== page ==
Find a novel/movie where sex is suggested, not described. How is it suggested? How does it affect theme or characterization?Find a novel/movie where sex is suggested, not described. How is it...
Find a novel/movie where sex is suggested, not described. How is it suggested? How does it affect theme or characterization?
In The Great Gatsby, Fitzgerald establishes the sexual relationship between Gatsby and Daisy without detailing their encounters. The two became lovers when they first met in Louisville where Gatsby was stationed before going overseas to World War I. Fitzgerald alludes to their relationship in this passage:
. . . [Gatsby] was at present a penniless young man without a past, and at any moment the invisible cloak of his uniform might slip from his shoulders. So he made the most of his time. He took what he could get, ravenously and unscrupulously--eventually he took Daisy one still October night, took her because he had no real right to touch her hand.
Gatsby, much to his surprise, realized that "it didn't turn out as he had imagined." He fell in love with Daisy: "He felt married to her, that was all."
When Daisy and Gatsby reunite in West Egg five years later, Fitzgerald suggests subtly that they resumed their sexual relationship. Gatsby had thrown many huge parties, where people came to his mansion "by the hundreds," hoping that Daisy would wander in. After he and Daisy do meet again, however, the parties stop abruptly, Gatsby fires all his servants, and hires new people through Wolfsheim. Gatsby explained this change to Nick:
I wanted somebody who wouldn't gossip. Daisy comes over quite often--in the afternoons.
The physical relationship between Gatsby and Daisy survived a five-year separation, which led Gatsby to believe that his dream of their being together and wiping out the past would be realized. As Nick observed, "his dream must have seemed so close that he could hardly fail to grasp it." He never would, of course, or ever could, which suggests a major theme in the novel. A romantic dream stands no chance when pitted against the corruption of modern American life.
Since we're talking about films at the moment, I'd offer "A Place in the Sun." This movie version of Dreiser's "An American Tragedy" presents sex through its product ... a pregnancy. This turns out to be one of the key elements in the play because Alice (Shelley Winters) gets pregnant just as George (Montgomery Clift) starts to make "progress" with Angela (Elizabeth Taylor), and threatens to ruin George's "hopes" if he doesn't marry her. From there it works out pretty much like the novel ....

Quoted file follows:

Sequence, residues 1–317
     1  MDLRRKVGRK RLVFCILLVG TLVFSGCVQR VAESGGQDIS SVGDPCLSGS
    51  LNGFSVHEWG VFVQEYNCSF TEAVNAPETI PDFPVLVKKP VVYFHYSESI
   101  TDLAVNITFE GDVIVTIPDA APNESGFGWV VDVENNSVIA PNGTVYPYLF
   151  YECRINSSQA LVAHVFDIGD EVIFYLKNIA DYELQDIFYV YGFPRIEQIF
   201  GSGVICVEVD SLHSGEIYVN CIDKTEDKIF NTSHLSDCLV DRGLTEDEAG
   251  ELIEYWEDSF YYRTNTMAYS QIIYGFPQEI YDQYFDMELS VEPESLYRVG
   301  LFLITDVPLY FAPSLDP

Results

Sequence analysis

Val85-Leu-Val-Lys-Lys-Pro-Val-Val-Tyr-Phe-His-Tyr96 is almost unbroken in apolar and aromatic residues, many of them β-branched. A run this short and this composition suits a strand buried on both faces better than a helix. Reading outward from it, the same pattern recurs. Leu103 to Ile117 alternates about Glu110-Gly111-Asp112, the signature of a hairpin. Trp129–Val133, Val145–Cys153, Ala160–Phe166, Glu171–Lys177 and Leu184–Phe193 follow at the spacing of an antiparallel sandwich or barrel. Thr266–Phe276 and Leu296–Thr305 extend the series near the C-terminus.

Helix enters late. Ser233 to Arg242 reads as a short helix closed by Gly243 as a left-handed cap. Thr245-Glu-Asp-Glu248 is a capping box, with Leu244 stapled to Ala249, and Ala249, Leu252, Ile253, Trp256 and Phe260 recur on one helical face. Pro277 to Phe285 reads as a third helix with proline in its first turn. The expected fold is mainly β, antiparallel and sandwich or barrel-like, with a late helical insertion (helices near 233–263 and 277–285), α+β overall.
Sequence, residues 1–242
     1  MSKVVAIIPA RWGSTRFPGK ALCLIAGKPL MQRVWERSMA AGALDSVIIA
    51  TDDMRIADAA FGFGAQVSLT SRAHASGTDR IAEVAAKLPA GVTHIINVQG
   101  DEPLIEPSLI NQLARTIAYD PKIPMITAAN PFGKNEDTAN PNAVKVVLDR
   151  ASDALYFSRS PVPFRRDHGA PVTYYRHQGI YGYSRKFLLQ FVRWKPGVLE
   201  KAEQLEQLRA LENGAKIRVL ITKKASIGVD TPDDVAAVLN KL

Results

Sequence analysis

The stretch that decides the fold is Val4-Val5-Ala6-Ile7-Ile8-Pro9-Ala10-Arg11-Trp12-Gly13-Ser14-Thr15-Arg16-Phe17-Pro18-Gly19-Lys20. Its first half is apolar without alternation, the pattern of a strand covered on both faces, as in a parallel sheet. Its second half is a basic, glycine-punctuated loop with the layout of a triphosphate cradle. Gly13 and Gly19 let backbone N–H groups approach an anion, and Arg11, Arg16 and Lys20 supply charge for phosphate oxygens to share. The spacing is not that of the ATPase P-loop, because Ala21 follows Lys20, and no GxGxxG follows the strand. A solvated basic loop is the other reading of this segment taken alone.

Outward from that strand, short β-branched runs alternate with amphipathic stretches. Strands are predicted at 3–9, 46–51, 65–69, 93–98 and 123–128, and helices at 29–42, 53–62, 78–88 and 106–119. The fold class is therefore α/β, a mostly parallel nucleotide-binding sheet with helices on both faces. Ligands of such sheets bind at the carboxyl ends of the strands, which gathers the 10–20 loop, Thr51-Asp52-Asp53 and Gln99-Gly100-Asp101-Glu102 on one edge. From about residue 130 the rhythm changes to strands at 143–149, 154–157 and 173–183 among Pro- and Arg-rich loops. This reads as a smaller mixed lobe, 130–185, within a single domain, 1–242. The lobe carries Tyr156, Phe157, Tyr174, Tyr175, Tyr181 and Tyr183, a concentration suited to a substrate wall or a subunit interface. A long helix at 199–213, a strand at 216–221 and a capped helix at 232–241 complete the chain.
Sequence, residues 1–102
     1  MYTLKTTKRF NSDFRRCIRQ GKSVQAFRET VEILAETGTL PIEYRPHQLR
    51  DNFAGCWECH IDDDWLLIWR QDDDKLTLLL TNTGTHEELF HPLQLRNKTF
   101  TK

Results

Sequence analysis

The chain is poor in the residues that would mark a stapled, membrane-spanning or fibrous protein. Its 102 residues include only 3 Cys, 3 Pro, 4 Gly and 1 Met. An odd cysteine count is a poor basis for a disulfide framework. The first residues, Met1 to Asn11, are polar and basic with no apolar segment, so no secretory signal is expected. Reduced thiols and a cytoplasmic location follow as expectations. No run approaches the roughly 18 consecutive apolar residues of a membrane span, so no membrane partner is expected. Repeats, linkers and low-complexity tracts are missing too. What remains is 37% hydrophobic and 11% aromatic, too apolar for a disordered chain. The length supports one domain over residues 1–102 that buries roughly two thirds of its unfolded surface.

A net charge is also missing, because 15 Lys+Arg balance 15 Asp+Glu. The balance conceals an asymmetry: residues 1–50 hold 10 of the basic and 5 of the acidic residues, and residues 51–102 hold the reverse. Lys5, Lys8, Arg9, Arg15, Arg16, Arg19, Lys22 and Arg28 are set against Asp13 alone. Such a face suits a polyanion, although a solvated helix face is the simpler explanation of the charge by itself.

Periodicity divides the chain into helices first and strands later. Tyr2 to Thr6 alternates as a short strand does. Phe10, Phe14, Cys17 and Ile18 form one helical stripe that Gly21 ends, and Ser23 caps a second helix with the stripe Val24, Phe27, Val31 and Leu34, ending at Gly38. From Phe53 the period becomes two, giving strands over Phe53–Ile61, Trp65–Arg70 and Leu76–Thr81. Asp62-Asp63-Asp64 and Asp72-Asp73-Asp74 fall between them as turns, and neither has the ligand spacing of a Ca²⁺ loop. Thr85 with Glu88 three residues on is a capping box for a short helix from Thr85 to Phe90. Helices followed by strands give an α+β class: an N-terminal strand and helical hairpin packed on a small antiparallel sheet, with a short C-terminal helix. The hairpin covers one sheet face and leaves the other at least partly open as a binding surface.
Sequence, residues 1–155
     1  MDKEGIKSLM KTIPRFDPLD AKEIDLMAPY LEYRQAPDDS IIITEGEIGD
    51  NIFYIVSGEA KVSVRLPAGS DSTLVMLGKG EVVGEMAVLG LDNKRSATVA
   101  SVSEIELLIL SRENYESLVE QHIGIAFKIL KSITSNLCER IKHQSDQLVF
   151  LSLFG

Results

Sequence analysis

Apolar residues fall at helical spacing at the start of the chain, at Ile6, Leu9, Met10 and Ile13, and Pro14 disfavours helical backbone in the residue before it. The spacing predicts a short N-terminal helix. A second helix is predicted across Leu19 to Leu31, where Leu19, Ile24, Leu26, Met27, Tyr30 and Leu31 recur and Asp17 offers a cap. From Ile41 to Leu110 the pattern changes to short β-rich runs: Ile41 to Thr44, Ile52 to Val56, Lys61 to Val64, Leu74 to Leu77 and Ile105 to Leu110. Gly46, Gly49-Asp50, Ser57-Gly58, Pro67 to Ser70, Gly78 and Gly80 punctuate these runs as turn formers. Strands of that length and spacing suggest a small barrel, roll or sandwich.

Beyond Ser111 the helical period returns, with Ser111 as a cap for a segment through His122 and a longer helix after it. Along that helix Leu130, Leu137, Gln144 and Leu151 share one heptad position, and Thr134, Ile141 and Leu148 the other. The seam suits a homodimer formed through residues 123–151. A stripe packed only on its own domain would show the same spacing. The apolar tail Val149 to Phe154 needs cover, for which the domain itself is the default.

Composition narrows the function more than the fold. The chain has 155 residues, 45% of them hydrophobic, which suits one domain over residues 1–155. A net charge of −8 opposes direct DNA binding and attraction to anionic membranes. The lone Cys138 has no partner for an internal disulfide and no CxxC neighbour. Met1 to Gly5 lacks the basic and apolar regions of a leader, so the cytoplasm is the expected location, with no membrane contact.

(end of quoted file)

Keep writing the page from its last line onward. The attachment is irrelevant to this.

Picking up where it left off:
It's Dreiser at his purest ... a young man controlled by powers he "can't" control (lust/sex/money), and who is destroyed because of his inability to deal with any/all of them. It's easy to get, and I think you'd enjoy it, although it is an older movie and not up to today's "effects" standard ... although it's head and shoulders above many of them for plot.
In the movie "Stardust" the protagonist Tristan and the star, Yvaine, stay together at an inn at the end of their long journey. Sex is assumed by the audience as it shows her bathing and him standing on the other side of the screen speaking to her. Then, in the morning, she wakes up on one side of the bed, with the other side empty, looking for Tristan. She appears to be nude under the sheet. This affects characterization in that the relationship between the two is clearly on another level as he goes off on his own to break off a relationship with another girl the next morning. Yvaine, not realizing why he left, wanders off in despair, thinking he has used her and left her and finds herself at the hands of an enemy. Had they not spent that night together perhaps she would have been more alert and the ending would have been very different.
In Death of a Salesman, the character of Willy Loman has what can be deemed an extramarital sexual relationship (though this is not discussed in the play) and was found out by his son, Biff. This incident is what set the wheels in motion towards the end of their relationship, affected the relationship between Biff and his mother (and vice versa), and is the anchoring point of the story. This one incident affected the characterization of Biff because his character was supposed to be successful and ample, and the sexual incident made him limited and unable to achieve again.
I am not sure if this applies, but the idea of sex being described and not fully articulated or realized could be present in the film American Beauty. Lester Burnham's fixation with teenager Angela is one where sex is implied, but never actualized. The idea of sex in this setting is one that represents flight, the ability to dream and allows Lester to "look closer" at his own life, setting in motion the events that allow him to understand his own sense of what should be as opposed to what is, but also brings him closer to his seemingly inevitable destruction.
In the play Cat on a Hot Tin Roof the characters of Brick and Maggie are in a complete turmoil about sex. There are many veiled references about why Brick won't be intimate with Maggie, and this creates a problem because she 1)equates intimacy with sex, and 2)she would like to have a baby to garner favor with her in-laws. There are even veiled references to the relationship Brick has with his buddy, and whether there was a homosexual relationship between the two.
In Death of a Salesman, Willy Loman is shown to have an affair with someone even though he is married. This creates an impact on him and the future of his sons because Willy cannot let go of the fact of his affair, and he continuously pairs the stockings with his affair. This worsens the state of his mental being. On top of that, when Biff finds out about his father's affair, he ends up "giving up" on his life and refuses to go to summer school, which worsens his chances of going to his college and being who he could have been.